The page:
If you’ve always wanted to spend tons of money on acquiring and restoring an old church, here’s your chance. The city of Albany plans to invite proposals along those lines for a building at Santiam Road and Main Street, which the city bought for a road project but now doesn’t need after all.
Albany bought the historic Cumberland Presbyterian Church in 2000 for $150,000 because officials thought part of the property would be needed for the right of way to improve the Main-Santiam intersection and rebuilding the nearby intersections of Main Street with Third and Salem Avenues. The design of that project, to be constructed in 2014, has changed to a round-about, and the church property won’t be needed. The property is now surplus, and on Monday the city council talked about what to do with it.
The church has been vacant for years, and the city says it has spent about $5,000 on basic maintenance for each of the last two years. Chris Bailey, assistant public works director, estimated that fixing the building to make it usable would take around $100,000.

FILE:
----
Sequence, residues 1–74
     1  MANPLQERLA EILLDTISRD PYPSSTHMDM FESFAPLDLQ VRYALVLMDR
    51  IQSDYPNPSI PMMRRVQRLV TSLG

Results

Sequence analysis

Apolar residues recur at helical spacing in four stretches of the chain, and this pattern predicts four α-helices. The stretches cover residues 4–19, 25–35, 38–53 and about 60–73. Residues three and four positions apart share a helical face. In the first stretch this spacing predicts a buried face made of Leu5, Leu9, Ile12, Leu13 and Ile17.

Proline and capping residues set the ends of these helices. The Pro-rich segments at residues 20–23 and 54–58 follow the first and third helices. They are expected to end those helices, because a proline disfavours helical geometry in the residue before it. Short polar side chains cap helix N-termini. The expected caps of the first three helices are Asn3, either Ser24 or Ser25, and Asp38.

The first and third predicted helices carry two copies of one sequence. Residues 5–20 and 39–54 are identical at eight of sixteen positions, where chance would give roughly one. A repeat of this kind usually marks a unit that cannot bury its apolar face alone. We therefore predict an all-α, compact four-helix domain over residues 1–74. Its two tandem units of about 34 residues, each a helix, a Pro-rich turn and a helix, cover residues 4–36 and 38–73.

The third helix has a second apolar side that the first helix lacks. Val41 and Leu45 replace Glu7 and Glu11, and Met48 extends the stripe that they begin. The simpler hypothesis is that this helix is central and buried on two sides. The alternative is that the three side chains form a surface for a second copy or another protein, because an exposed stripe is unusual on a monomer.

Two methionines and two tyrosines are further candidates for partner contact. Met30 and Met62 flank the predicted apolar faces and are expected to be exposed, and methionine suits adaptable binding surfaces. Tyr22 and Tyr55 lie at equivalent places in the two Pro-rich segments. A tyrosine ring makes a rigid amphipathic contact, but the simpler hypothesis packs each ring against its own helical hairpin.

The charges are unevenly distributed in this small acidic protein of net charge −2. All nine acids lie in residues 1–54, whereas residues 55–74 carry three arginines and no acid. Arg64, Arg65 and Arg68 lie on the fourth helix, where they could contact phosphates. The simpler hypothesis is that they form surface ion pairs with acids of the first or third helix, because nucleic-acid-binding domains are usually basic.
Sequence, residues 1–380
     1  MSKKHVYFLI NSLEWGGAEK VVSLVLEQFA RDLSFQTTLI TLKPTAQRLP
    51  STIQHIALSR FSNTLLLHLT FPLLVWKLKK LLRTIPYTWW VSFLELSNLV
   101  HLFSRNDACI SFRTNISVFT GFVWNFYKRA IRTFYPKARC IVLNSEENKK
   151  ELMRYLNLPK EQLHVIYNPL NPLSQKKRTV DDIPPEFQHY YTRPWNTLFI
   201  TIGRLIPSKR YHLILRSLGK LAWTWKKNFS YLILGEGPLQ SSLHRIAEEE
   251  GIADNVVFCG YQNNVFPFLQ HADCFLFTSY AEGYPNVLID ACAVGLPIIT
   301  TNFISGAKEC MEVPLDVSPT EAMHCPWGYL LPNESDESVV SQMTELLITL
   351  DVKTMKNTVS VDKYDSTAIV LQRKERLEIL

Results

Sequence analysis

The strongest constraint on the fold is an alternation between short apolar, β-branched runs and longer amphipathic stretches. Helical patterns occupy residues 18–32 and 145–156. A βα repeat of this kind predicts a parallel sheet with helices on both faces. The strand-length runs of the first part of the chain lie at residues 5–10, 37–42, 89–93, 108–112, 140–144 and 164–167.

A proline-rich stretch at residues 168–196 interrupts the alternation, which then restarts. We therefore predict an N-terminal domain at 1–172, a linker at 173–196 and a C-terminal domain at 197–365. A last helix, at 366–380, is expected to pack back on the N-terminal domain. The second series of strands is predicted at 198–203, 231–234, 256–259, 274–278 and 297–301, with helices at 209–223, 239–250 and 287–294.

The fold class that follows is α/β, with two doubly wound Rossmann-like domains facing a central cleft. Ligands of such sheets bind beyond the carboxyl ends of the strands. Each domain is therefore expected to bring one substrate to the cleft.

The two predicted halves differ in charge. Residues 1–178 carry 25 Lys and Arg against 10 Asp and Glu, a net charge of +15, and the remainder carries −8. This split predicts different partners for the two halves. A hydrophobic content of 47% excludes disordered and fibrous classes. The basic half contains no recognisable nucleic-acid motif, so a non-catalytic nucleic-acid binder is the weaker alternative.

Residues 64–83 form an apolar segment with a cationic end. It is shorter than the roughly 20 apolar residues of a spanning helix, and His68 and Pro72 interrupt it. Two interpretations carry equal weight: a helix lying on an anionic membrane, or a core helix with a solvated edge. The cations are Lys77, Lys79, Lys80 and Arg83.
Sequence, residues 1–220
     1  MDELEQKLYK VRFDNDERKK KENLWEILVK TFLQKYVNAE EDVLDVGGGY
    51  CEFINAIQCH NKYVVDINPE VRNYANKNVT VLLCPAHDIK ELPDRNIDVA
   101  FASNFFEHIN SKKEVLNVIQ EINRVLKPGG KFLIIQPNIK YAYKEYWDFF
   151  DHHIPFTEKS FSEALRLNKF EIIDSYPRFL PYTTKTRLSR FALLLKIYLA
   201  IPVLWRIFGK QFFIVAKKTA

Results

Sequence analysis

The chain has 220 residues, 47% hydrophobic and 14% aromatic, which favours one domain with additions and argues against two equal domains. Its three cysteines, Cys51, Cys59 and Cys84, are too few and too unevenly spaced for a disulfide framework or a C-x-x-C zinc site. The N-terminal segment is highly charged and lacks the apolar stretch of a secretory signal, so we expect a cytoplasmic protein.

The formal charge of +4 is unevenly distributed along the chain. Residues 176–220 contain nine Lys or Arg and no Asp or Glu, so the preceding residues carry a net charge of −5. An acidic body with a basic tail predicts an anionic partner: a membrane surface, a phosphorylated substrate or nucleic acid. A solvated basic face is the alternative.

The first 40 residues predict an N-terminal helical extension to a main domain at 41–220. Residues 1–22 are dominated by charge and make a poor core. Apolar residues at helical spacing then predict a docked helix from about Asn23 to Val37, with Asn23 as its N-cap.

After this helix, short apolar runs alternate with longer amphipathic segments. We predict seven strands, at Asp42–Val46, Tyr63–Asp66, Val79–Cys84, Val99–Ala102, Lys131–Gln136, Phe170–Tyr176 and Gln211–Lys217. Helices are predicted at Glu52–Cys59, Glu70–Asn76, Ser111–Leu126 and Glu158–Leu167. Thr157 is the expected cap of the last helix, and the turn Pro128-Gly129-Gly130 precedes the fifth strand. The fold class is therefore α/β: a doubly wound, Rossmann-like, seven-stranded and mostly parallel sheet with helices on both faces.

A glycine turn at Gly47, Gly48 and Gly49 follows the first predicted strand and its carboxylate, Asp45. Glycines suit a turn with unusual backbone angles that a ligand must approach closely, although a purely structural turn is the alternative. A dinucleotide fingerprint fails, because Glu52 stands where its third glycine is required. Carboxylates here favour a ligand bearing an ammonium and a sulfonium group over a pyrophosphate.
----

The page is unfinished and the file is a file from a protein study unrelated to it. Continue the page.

The city has already received three offers, but details were not disclosed. Bailey and economic development director Kate Porsche recommended that the council consider not just the best price but also the potential uses. Some of the proposals involve financial help from CARA, the downtown urban renewal district, which includes the property.
Chances are the city will have to dispose of the property at a loss, according to a staff memo, which said: “It should be recognized that staff anticipates the costs a private owner will incur to repair and restore the structure will make it difficult for the city to recoup the original purchase price the city paid for the property in 2000.”
The city staff will prepare a formal invitation for proposals for the council’s review. And before the council sells the property, a public hearing will be held. (hh)